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Keywords:

  • Nociceptin/orphanin FQ;
  • nociceptin receptor;
  • ecdysone-inducible expression;
  • partial agonists;
  • GTPγ35S binding;
  • cAMP
  • Partial agonism is primarily dependent upon receptor density and coupling efficiency. As these parameters are tissue/model dependent, intrinsic activity in different tissues can vary. We have utilised the ecdysone-inducible expression system containing the human nociceptin/orphanin FQ (N/OFQ) peptide receptor (hNOP) expressed in Chinese hamster ovary cells (CHOINDhNOP) to examine the activity of a range of partial agonists in receptor binding, GTPγ35S binding and inhibition of adenylyl cyclase studies.

  • Incubation of CHOINDhNOP cells with ponasterone A (PON) induced hNOP expression ([leucyl-3H]N/OFQ binding) of 24, 68, 191 and 1101 fmol mg−1 protein at 1, 2, 5 and 10 μM PON, respectively. At 191 fmol mg−1, protein hNOP pharmacology was identical to that reported for other traditional expression systems.

  • pEC50 values for GTPγ35S binding ranged from 7.23 to 7.72 (2–10 μM PON) for the partial agonist [Phe1ψ(CH2–NH)Gly2]N/OFQ(1–13)–NH2 ([F/G]N/OFQ(1–13)–NH2) and 8.12–8.60 (1–10 μM PON) for N/OFQ(1–13)–NH2 and Emax values (stimulation factor relative to basal) ranged from 1.51 to 3.21 (2–10 μM PON) for [F/G]N/OFQ(1–13)–NH2 and 1.28–6.95 (1–10 μM) for N/OFQ(1–13)–NH2. Intrinsic activity of [F/G]N/OFQ(1–13)–NH2 relative to N/OFQ(1–13)–NH2 was 0.3–0.5. [F/G]N/OFQ(1–13)–NH2 did not stimulate GTPγ35S binding at 1 μM PON, but competitively antagonised the effects of N/OFQ(1–13)–NH2 with a pKB=7.62.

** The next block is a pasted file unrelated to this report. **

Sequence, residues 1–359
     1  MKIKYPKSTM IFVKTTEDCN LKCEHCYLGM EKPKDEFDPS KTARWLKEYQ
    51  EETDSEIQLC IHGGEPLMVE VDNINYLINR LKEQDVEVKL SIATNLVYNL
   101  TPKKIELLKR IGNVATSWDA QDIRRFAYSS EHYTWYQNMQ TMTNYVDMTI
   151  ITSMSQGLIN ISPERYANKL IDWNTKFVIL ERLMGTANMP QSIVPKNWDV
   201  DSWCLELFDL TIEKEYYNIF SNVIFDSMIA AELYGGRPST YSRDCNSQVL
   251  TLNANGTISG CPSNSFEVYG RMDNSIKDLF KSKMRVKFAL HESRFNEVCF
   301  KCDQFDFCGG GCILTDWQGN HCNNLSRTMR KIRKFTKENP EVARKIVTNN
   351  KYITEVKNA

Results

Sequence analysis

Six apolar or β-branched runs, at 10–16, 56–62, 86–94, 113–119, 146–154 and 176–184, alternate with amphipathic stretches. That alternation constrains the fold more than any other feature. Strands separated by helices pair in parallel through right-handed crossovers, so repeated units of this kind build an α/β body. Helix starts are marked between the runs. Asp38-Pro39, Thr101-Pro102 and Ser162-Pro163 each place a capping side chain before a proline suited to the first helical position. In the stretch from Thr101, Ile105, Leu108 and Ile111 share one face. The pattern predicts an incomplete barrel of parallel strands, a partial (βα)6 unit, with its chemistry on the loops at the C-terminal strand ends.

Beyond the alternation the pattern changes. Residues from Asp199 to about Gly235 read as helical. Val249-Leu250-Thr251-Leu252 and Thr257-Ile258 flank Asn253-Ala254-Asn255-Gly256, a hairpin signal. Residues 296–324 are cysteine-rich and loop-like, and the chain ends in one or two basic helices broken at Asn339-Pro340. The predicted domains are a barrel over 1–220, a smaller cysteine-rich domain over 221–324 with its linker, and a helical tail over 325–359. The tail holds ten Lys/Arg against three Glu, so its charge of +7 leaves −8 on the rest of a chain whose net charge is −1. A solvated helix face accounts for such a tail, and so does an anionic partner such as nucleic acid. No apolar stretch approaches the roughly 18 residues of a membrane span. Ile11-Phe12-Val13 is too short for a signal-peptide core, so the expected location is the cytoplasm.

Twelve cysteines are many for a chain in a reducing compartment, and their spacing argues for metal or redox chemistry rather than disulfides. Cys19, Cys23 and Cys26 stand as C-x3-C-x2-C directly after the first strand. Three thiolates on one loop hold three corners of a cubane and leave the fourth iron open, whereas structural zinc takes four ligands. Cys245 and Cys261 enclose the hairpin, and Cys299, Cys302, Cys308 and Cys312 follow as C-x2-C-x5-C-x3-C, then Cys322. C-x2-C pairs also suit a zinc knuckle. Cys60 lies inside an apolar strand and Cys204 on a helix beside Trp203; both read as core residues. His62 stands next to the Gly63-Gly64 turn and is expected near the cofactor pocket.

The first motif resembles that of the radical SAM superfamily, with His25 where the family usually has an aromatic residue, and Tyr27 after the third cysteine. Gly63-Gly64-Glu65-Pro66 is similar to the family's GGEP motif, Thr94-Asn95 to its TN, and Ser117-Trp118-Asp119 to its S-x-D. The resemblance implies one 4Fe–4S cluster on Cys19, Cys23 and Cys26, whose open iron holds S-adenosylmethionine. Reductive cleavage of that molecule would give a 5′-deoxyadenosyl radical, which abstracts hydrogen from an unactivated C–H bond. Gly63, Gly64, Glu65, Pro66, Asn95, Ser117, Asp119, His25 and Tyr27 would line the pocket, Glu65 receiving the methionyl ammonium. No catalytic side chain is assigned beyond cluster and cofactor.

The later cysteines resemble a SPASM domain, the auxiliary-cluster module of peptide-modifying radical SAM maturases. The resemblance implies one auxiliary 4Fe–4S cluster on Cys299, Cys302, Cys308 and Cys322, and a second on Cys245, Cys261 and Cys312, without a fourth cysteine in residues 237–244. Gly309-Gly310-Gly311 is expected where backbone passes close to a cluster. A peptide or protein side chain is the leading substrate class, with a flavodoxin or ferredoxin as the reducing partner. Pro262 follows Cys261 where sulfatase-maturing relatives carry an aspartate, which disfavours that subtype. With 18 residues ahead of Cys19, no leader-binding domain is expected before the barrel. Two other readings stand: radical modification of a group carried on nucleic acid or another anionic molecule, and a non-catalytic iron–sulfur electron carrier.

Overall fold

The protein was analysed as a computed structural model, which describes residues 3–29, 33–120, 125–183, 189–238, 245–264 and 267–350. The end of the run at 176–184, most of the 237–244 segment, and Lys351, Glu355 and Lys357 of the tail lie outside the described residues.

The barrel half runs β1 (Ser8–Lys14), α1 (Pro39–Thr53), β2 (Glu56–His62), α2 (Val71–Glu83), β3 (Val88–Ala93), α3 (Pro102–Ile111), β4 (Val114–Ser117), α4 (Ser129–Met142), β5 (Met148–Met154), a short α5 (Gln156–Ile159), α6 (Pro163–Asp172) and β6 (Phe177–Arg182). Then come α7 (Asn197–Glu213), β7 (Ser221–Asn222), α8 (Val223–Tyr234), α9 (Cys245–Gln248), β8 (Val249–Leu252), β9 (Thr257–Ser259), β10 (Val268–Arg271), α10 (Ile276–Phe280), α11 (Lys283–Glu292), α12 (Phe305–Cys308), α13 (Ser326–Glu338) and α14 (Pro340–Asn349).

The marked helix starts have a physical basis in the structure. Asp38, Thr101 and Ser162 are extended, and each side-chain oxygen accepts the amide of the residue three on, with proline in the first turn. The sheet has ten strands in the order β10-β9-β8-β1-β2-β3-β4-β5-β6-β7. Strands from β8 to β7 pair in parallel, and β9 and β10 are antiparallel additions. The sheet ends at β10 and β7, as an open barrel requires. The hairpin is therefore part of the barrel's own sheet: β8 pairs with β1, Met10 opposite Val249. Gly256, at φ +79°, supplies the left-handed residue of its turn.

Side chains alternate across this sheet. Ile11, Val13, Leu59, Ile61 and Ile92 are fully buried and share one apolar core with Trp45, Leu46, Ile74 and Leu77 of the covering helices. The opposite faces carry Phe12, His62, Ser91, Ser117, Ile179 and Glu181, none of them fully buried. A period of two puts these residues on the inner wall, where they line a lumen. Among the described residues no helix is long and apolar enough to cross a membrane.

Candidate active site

• pEC50 values for cAMP inhibition ranged from 8.26 to 8.32 (2–10 μM PON) for [F/G]N/OFQ(1–13)–NH2 and 9.42–10.35 for N/OFQ(1–13)–NH2 and Emax values (% inhibition) ranged from 19.6 to 83.2 for [F/G]N/OFQ(1–13)–NH2 and 40.9–86.0 for N/OFQ(1–13)–NH2. The intrinsic activity of [F/G]N/OFQ(1–13)–NH2 relative to N/OFQ(1–13)–NH2 was 0.48–0.97.

  • In the same cellular environment with receptor density as the only variable, we show that the profile of [F/G]N/OFQ(1–13)–NH2 can be manipulated to encompass full and partial agonism along with antagonism.

British Journal of Pharmacology (2003) 140, 61–70. doi:10.1038/sj.bjp.0705401